Birmingham risks wrath of government over mayors

10 Jan 02
Ministerial intervention into Britain's largest council looks inevitable after Birmingham this week strongly rejected the government's calls for a referendum for a directly elected mayor.

11 January 2002

Ratcheting up the simmering row between Westminster and the leaders of England's second city, Birmingham's councillors confirmed in a letter to the Department for Transport, Local Government and the Regions on January 9 that they would defy ministers and not hold a mayoral vote.

The six-page robust rebuttal of the government's position concludes that any ministerial intervention would be 'neither justified nor appropriate'.

However Birmingham's arguments are almost certain to fall on deaf ears within the DTLR.

The government's much vaunted mayoral policy could stand or fall on whether or not a large city outside London pursues the US-leader-style route.

And although Local Government Secretary Stephen Byers is thought to be only a lukewarm supporter of directly elected mayors, he looks set to give the go-ahead to a forced vote by using his reserve powers, possibly within the next few weeks.

Although the department would say only that 'ministers are now considering their position', sources claim that having come this far it is unlikely that the government will now back down.

And, despite their defiance, even some Birmingham councillors believe that a referendum is now a fait accompli.

In a desperate bid, Birmingham even considered the possibility of legal action to stop ministers intervening. But it was warned off going to the courts as it was certain to end in defeat.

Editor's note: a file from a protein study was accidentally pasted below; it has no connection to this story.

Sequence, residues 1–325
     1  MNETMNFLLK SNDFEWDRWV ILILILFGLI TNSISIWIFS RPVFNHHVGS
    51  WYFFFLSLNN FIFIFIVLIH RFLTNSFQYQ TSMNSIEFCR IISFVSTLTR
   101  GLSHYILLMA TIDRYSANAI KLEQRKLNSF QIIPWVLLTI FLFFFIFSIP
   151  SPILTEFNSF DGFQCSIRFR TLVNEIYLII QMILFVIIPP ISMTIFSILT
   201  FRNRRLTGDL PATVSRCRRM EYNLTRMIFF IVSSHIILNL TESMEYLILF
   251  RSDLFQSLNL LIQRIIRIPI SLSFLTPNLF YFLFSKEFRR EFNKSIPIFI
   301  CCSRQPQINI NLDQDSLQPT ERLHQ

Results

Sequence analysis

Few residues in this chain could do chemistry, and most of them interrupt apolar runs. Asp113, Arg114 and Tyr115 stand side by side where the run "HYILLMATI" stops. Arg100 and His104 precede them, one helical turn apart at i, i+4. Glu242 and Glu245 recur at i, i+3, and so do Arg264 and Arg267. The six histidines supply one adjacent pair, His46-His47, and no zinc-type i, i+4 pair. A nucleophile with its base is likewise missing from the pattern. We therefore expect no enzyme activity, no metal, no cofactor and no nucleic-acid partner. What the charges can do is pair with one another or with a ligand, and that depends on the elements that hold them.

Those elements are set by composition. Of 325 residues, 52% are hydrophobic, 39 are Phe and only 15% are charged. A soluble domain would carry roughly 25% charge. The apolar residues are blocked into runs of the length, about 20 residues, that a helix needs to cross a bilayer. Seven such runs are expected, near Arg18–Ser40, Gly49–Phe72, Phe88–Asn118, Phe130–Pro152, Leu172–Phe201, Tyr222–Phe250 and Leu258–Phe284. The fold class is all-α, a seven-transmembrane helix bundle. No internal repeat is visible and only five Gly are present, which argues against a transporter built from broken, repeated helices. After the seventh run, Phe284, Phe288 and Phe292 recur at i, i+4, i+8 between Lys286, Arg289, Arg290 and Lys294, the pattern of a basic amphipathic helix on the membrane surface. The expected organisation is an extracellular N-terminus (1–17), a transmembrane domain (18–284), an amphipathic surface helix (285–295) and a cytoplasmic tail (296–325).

The row hinges on the issue of consultation. Ministers believe a postal ballot carried out last September by the council was inadequate and showed majority support for mayors as the two mayoral options attracted 53% support.

However, the council says consultation was extensive, received a 31% response rate, cost the council more than £200,000 and produced backing for the leader/Cabinet model.

This option received the largest single backing with over 46% support.

'There is absolutely no doubt therefore, in the council's mind, that the response to the consultative ballot needs to be treated

with the greatest respect,' states the letter, signed by Stewart Dobson, Birmingham's acting chief executive. 'Faced with a choice between three distinct models of executive, the electors of Birmingham expressed a clear preference for the leader/Cabinet model.'

But pro-mayor think-tank the New Local Government Network said intervention would support the democratic process.

'A referendum does not amount to imposing a solution on Birmingham but merely refers the question to local people,' said Anna Randle, mayoral campaign manager at the NLGN.


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